Says Bethea, "It's hard to go out and play when you lack confidence that the offense is going to do anything with the ball when you get it for them. With Earl, the defense isn't constantly on the field. A thing like that makes a big difference."
The Oilers gave the ball to the Tyler Rose an average of 19 times a game in 1978, and he responded with an average gain of 4.8 yards and 13 touchdowns while fumbling only seven times. With a number of talented wide receivers—notably Ken Burrough, Rich Caster and Mike Renfro—the Oilers rarely threw to Campbell; he caught only 12 passes. But if Pastorini calls on him to run pass patterns this season, or to become a blocking back, or, for that matter, to wallpaper the Astrodome, no doubt Campbell will.
"Anything you ask him to do," says Phillips, clearly impressed, "he's going to do it. It's very important to have a player of Earl Campbell's caliber, but it's even more important to have him be the kind of kid he is."
One authority on the subject of running in the NFL believes it is an instinct for leadership that makes Campbell such a surpassing talent. "Earl's physical talents are considerable, of course," says O. J. Simpson, "but he has inspirational quality far beyond those talents. He provides a certain lift to a team; everything will be going along normally, then all of a sudden he takes over. I tell you, I'm inspired by his kind of performance."
Campbell's running style is markedly different from the way Simpson ran when he was in his prime, though the results are often the same. More often Campbell, who carries 225 pounds, is compared to the Cleveland Browns' superstar of 1957-65, Jim Brown. But Brown's old coach, Paul Brown, and Simpson both feel the comparison is not entirely apt. "Earl jukes as many as he runs over," Juice points out. "He's a true halfback, and Jim was a fullback. I was amazed how short Earl is. He sure looks bigger on the TV."
Paul Brown is right when he says Campbell will have to put together a string of outstanding seasons before he can be meaningfully compared with Jim Brown. "Brown didn't take an intense physical pounding for his yardage," says Paul Brown. " Campbell does it the physical way. He's not as good a pass receiver as Jim was, and I don't think he has the same straightaway speed. But Brown never liked the blocking aspects of football, and I think Campbell tries to do his part. The only thing you can question about Campbell is whether his style is the type that will allow him to have a long career."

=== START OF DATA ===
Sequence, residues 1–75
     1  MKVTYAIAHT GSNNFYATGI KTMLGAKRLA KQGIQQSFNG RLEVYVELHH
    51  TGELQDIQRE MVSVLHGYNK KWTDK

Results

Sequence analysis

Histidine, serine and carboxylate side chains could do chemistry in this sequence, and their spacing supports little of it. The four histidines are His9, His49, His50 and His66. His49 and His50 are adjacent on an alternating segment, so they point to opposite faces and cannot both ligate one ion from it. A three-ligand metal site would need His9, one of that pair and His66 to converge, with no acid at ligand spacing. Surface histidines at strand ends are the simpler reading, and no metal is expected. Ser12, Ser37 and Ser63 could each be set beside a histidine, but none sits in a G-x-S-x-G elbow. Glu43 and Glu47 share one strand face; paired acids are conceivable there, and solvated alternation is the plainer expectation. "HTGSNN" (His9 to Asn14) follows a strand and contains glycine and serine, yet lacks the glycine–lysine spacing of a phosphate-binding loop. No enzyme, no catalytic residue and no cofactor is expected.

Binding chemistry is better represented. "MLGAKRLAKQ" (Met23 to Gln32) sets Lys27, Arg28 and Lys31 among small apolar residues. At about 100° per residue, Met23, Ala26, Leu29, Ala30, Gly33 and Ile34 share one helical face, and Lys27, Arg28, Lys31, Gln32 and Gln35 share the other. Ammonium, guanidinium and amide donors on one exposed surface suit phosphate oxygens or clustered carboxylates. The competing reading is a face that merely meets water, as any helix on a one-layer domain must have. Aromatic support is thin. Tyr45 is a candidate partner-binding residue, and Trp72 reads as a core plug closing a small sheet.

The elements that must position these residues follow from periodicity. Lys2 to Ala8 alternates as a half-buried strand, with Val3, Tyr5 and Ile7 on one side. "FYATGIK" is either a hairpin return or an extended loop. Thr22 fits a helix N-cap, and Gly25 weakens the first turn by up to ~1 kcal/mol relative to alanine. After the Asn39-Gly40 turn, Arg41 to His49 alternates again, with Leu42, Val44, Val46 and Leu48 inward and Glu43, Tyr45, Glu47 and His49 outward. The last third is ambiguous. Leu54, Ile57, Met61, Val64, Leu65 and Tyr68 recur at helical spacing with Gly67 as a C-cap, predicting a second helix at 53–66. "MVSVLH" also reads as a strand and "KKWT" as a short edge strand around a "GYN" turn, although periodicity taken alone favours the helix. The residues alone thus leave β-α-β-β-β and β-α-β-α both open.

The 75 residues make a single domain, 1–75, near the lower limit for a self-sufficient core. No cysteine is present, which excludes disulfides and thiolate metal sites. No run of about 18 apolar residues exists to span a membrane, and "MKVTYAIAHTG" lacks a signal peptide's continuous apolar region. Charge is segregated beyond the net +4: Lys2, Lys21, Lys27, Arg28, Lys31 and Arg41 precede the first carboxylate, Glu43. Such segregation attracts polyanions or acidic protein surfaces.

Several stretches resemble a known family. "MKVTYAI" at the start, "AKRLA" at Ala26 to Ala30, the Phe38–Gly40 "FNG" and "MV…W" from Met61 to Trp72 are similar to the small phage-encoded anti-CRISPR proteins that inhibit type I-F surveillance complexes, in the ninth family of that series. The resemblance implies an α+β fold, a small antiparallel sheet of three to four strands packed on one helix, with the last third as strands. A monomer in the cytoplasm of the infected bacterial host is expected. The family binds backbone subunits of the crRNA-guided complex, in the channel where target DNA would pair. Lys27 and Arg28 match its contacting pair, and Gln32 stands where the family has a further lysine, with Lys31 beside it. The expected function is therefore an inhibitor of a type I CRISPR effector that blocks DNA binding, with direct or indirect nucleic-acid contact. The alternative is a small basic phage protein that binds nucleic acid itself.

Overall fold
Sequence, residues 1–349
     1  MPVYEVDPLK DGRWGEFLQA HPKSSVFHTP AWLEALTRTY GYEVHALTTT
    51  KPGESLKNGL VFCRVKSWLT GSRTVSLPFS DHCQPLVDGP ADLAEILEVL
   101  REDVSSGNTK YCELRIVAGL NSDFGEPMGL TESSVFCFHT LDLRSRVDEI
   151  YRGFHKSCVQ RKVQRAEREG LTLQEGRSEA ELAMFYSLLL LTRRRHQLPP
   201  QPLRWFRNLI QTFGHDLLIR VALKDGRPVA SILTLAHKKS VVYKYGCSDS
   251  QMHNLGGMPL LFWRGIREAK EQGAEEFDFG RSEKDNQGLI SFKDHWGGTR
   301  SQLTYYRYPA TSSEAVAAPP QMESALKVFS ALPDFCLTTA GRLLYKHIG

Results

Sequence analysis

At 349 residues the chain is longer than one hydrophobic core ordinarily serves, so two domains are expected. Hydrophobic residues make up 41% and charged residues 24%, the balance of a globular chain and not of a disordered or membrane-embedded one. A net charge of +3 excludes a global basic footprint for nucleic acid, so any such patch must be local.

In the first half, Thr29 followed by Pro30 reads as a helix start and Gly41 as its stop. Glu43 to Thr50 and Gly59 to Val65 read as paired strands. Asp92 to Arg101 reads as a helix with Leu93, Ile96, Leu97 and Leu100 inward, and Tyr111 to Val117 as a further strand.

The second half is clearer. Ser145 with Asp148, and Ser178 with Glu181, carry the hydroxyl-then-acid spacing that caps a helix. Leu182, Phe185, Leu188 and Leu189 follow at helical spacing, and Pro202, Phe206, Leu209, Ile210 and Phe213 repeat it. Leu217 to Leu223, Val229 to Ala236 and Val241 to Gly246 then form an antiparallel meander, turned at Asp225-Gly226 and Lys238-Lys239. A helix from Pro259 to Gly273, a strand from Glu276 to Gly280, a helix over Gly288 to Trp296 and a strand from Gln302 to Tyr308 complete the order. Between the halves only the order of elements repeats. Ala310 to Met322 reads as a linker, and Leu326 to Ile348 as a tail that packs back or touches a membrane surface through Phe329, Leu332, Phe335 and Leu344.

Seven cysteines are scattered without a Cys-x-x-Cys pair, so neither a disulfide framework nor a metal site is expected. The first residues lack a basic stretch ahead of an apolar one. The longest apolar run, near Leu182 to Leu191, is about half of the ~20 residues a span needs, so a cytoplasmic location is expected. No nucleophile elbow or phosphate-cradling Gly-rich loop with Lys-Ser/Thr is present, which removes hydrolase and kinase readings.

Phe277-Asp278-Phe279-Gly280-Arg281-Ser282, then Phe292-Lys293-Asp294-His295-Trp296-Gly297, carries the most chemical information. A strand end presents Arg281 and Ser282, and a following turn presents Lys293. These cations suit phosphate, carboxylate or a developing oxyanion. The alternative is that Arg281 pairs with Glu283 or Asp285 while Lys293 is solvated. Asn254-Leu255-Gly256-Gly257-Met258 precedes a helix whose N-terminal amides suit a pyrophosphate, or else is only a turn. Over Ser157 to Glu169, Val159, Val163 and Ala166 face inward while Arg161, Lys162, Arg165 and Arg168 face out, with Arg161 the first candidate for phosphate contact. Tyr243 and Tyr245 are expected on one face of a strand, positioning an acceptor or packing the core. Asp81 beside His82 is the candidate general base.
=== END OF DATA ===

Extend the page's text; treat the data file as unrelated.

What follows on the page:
There are a few incandescent moments in any great athlete's career when muscle seems more tightly joined to bone, and when his body crackles like a summer cloud with heat lightning. When one of those moments coincides with desperate necessity, it is advisable not to stand too near, for the brilliance can be blinding.
Last November, Campbell had just such a moment—really an entire game of such moments—on a Monday night in the Astrodome against Miami on national TV, churning through and around the Dolphins, as previously noted, for four touchdowns and 199 yards. Campbell can remember thinking after his third touchdown that he couldn't move anymore, that he was so exhausted his legs felt like concrete piles—the kind that hold bridges up. Late in the fourth period the Oilers were holding a 28-23 lead and facing second-and-long at their own 19. Pastorini could see that Campbell was breathing heavily, but when he knelt down in the huddle he called, almost automatically, "Pitch 28."
"Before Pastorini tossed me the ball," says Campbell, "I would have sworn I couldn't run anymore at all. Even after I was through the hole and I saw [running mate] Tim Wilson hit his man, I didn't think I could make it to the other end of the field. Then I saw pure sideline, and I decided to keep running until somebody knocked me down."
Nobody did. Campbell swept right end, his body leaning hard to the left, and then straightened and rumbled down the sideline 81 yards to the end zone, ensuring a 35-30 Oiler victory.